I never hated my ex. I hated the things he did and just how messy it all became. He always managed to get in my face and under my skin and that is why it took so long to forgive him. But I do understand the animosity between people.
    Your son is a very lucky young man to have two people so invested in his future. πŸ™‚

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  5. DailyMusings says:

    I am glad for you and your son that you are able to have a communicative and friendly relationship with your ex husband & his father. It is a wonderful thing that you get along, it says volumes about the kind of people you are. Thoughtful, forgiving, understanding, considerate, unselfish to name a few. My husband’s exwife has remained bitter for 25 years now- made visitation a living hell, made every interaction that was necessary to have into a challenge. We are happy his daughter is now married and his ex wife is out of our lives. Her inability to ever move forward, move on, look inside herself and heal & grow I still find amazing to this day. Her anger seems to give her purpose -her which to me is just a sad way to live.

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    • mewhoami says:

      Thank you very much for your sweet comment. I believe our close relationship is a crucial in our son’s life. I wouldn’t have it any other way.

      What a pain that is to have deal with such a bitter ex. Behavior such as her’s is so pointless in my opinion. It’s a waste of time and energy for everyone involved and must of all, it’s unfair to the child. I also know someone like that and their actions make absolutely no sense to me.

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  6. Cindi says:

    Wise, wise words. Your son is fortunate, and you and his father are too!

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  7. AMEN! and YES! and BEAUTIFUL! You have something very special indeed. And I mean you, and your ex, have exceptional qualities. Good for you and your son.

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  8. Jenni says:

    I find in regards to my ex-husband it is hard to be friends with someone I don’t like. I married a mirage and the man I thought of as my friend and partner didn’t exist, it is why it is so difficult to remain polite as he is someone I would not normally be friends with. It’s sad but in this case I think it is for the best.

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    • mewhoami says:

      I can understand that. It is hard to be friends with someone you dislike. It’s sad that who you thought you married ended up being someone different entirely. That’s a scary part about marriage. Sometimes you don’t know, until it’s too late.

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      • Jenni says:

        The thing is I should have known – it took me two scotches and a Valium to get down the stairs on my wedding day so some part of me knew it was a mistake. I don’t regret the relationship because of my son but I regret not paying attention to my instincts. Just because everyone else thought he was wonderful didn’t mean I had to agree.

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        • mewhoami says:

          I believe that love does truly blind us…almost. We see signs, but put them out of our minds in an effort to convince ourselves that what we see will pass or is something we are imagining. I think that’s especially true when everyone else seems to adore the person and in their minds that person could do no wrong. So it must be us, right? No. They don’t have to go home with that person. Following one’s instincts is so important, but like you, so many of us ignore them.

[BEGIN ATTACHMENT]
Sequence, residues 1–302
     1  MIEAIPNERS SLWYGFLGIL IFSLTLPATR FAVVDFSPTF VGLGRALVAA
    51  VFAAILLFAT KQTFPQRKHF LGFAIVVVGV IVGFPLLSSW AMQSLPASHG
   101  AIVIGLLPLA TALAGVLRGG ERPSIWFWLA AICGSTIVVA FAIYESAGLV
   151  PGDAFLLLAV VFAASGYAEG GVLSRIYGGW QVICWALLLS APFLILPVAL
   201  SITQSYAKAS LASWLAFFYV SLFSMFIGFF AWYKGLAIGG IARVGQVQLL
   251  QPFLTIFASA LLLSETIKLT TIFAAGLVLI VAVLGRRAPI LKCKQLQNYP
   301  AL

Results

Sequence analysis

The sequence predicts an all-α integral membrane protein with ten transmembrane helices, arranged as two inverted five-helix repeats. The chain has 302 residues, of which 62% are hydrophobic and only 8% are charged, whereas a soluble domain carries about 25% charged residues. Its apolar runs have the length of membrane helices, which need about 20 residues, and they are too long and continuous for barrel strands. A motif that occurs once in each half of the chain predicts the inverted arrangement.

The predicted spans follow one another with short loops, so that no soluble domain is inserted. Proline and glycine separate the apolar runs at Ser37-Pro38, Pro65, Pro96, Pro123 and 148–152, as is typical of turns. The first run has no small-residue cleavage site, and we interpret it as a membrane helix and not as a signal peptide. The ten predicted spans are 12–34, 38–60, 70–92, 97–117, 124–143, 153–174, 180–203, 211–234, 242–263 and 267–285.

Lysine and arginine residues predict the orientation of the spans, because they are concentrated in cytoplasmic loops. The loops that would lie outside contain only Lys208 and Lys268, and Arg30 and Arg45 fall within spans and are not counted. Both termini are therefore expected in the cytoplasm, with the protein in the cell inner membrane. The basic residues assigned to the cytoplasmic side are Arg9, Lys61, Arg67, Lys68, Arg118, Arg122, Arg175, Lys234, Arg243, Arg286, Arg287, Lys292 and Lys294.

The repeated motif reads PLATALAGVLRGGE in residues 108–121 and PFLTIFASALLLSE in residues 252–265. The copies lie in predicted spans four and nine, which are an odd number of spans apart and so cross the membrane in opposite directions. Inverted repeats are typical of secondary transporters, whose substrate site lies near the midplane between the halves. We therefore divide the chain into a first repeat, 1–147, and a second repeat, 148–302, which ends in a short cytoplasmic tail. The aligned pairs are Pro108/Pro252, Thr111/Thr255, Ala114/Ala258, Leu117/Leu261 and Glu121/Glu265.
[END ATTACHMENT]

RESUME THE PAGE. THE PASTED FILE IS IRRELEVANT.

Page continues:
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  9. Glynis Jolly says:

    I think, for the most part, pride gets in the way of being able to be friends with an ex. Maybe because you were young, or at least young enough, you and your ex didn’t have that element of pride getting in the way.

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    • mewhoami says:

      I agree Glynis. A lot of it is because of pride. It’s easier for a person to be resentful and hateful toward the other, than it is to admit that they too played a part in the relationship failing. Pride ruins a lot of things.

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  10. Mrs. P says:

    Without going in to details, after twenty years of marriage, my husband and I hit a deal breaker. Though we did marital counseling, our marriage was not able to be repaired.

    That did not mean that I did not like him still as a person…it only meant that I could no longer be his wife. We were separated as a couple but still lived together as room mates. It worked out for both of us. We agreed ahead of time that if either of us got involved in another relationship, then we would stop living together. We chose to handle our own divorce and worked out all of our own agreements on financial and property matters. He filed for divorce but after six months it was declined due to a clerical issue.

    At one point, I did get involved in another relationship. He moved out and although we remained friends, our lifestyles didn’t keep us in the same circles. Eventually, I felt I needed to put the past in the past and create in the future. Handling the divorce was something that I needed to move up in terms of priority. By the time the divorce was final, we had been separated for five years.

    To this day we speak when we need to and it is usually in connection to our daughter. I am supportive of his life and relationships and he of mine. I’m remarried now and he is fine with that.

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  11. TJ Petri says:

    Oh, Lawdy! I have so very much to say on this subject and so little energy. But it is incredible and honorable to your son that you maintained the relationship you did with his dad. Friends with the ” enemy” — Very nice. I believe it is only possible if the mental health of both is sound, and no borderline histrionics or whatever…lol!
    TjP

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    • mewhoami says:

      πŸ™‚ It could certainly be an interesting topic. I’m very thankful that he and I have been able to keep our friendship through everything we’ve been through. Sound mental health? I don’t know if that applies to me. Ha! I’m definitely not a drama queen though. Ugh. That’s a whole other post right there.